Akatuy katorga

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Akatuy prison, 1891.

Akatuy katorga prison (Russian: Акатуйская каторжная тюрьма, Akatuyskaya katorzhnaya tyur'ma) was part of the Nerchinsk katorga system of the Russian Empire in the Nerchinsk okrug of Transbaikalia. It was constructed in 1888 at the Akatuyskom mine, what is now the village of New Akatuy (Новый Акатуй). Originally labor convicts (mostly criminal) were used here for extraction of lead-silver ores. After the closing of the Kara katorga in 1890, it became one of the main centers of detention of political prisoners. It was turned into a women's penal camp in 1911 and was finally shut down after the February Revolution of 1917.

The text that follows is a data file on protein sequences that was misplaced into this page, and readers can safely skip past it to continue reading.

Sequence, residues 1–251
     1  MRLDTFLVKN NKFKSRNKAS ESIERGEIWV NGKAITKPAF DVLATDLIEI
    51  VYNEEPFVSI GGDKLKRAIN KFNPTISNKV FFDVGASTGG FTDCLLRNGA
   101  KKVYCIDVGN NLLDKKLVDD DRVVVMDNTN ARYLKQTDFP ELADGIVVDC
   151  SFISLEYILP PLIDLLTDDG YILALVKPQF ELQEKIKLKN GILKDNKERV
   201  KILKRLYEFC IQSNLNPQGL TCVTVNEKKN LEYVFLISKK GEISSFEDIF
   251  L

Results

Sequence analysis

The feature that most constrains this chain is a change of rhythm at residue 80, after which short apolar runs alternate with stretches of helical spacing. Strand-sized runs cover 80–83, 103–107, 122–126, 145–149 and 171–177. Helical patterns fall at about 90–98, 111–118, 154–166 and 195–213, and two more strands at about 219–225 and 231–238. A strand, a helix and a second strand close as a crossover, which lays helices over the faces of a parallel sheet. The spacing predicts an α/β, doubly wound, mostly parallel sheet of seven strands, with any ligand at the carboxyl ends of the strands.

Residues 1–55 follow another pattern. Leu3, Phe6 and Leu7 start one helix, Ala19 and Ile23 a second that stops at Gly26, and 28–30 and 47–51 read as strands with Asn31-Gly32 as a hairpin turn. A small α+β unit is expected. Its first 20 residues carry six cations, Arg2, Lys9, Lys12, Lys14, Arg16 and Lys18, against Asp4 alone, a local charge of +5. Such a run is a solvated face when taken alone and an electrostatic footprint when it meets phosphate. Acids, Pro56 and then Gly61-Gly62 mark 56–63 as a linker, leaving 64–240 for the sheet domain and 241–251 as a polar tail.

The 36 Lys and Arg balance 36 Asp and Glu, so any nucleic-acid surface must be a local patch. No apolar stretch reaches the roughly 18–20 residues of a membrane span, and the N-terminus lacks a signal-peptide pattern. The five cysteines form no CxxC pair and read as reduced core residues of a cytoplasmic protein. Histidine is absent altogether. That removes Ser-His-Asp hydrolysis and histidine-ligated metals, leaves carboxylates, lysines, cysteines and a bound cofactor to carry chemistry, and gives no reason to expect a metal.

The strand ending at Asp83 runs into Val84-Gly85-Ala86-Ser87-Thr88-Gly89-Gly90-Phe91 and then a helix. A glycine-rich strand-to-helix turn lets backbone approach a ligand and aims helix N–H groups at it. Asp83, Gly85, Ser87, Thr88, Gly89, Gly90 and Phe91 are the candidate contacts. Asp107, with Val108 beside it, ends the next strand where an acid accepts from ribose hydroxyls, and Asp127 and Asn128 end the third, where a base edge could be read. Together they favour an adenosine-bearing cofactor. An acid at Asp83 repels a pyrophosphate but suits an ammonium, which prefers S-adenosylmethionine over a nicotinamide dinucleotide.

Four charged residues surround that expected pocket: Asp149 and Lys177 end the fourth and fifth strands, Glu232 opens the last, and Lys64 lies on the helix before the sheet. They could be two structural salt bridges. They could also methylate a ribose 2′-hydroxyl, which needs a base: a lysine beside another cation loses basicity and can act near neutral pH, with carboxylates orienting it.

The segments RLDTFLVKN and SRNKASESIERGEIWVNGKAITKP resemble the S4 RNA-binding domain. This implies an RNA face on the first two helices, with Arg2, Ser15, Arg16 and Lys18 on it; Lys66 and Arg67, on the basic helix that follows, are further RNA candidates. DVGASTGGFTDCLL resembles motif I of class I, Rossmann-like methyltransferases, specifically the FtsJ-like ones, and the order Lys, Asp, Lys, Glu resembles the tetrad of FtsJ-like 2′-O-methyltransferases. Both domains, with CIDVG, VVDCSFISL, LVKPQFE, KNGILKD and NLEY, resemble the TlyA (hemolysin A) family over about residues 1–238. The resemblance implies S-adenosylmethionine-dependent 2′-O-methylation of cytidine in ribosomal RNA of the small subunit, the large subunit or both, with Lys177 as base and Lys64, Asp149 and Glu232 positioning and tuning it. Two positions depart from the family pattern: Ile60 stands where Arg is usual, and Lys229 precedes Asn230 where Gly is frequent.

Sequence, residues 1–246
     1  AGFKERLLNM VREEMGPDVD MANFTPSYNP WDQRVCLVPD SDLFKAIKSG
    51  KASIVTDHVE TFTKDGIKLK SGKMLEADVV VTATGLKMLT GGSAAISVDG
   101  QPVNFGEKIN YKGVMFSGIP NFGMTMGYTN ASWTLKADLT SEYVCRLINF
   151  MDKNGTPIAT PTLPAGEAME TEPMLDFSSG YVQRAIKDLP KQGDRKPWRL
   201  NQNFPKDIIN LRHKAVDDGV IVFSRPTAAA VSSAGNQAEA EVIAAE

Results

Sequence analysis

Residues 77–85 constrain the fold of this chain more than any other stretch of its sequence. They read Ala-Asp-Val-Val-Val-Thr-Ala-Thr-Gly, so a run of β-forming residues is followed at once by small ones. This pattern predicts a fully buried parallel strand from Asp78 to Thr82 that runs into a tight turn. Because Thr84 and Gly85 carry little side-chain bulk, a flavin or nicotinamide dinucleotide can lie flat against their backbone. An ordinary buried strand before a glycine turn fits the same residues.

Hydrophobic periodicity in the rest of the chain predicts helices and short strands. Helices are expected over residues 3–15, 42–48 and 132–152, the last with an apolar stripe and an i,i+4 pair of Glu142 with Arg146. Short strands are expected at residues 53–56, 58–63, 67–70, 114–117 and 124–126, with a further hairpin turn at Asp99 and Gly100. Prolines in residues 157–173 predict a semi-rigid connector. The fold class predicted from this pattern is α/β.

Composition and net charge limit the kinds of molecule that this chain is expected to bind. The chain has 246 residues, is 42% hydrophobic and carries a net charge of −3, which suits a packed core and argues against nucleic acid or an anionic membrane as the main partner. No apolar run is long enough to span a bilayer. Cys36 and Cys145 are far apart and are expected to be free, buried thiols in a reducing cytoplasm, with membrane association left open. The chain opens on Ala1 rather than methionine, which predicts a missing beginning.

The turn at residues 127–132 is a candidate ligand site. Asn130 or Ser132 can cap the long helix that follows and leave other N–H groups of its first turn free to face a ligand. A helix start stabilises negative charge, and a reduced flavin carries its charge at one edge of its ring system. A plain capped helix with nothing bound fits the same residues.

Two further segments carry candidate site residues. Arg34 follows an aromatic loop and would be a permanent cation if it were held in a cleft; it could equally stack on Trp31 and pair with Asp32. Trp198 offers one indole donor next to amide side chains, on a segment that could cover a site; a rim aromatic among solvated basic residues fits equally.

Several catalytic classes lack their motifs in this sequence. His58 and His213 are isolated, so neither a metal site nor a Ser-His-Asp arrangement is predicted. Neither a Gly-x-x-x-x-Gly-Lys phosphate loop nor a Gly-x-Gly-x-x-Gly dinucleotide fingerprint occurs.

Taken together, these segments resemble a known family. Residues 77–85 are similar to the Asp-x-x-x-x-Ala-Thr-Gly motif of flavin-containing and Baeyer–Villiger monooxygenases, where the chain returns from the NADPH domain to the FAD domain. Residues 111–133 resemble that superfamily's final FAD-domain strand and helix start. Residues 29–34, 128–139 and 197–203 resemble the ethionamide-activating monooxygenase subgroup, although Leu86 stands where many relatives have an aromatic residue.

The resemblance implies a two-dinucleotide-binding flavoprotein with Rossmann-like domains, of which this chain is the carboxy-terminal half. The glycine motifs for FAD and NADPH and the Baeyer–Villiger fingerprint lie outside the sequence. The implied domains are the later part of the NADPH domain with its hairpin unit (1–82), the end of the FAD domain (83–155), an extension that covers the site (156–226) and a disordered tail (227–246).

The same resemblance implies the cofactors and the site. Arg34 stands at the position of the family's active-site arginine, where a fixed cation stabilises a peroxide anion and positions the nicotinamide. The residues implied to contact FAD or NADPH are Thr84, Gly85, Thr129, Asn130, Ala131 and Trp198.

George Kennan visited the remnants of the mine in 1885. He noted, "Lunin, one of the Decembrist conspirators of 1825, lived and died in penal servitude at this mine, and somewhere in the neighborhood lie buried many of the Polish patriots sent to Akatui after the insurrection of 1863. The Russian Government does not take pains to perpetuate the memory of the political offenders whom it tortures to death in its Siberian prisons, and over moldering bodies of most of them there is not so much as a mound. If there is in Siberia a more lonely, a more cheerless, a more God-forsaken place than Kara, it is the snowy, secluded valley of Akatui."[1]


  1. ^ Kennan, George (1891). Siberia and the Exile System. London: James R. Osgood, McIlvaine & Co. pp. 288–289. 

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Coordinates: 51°2′N 117°47′E / 51.033°N 117.783°E / 51.033; 117.783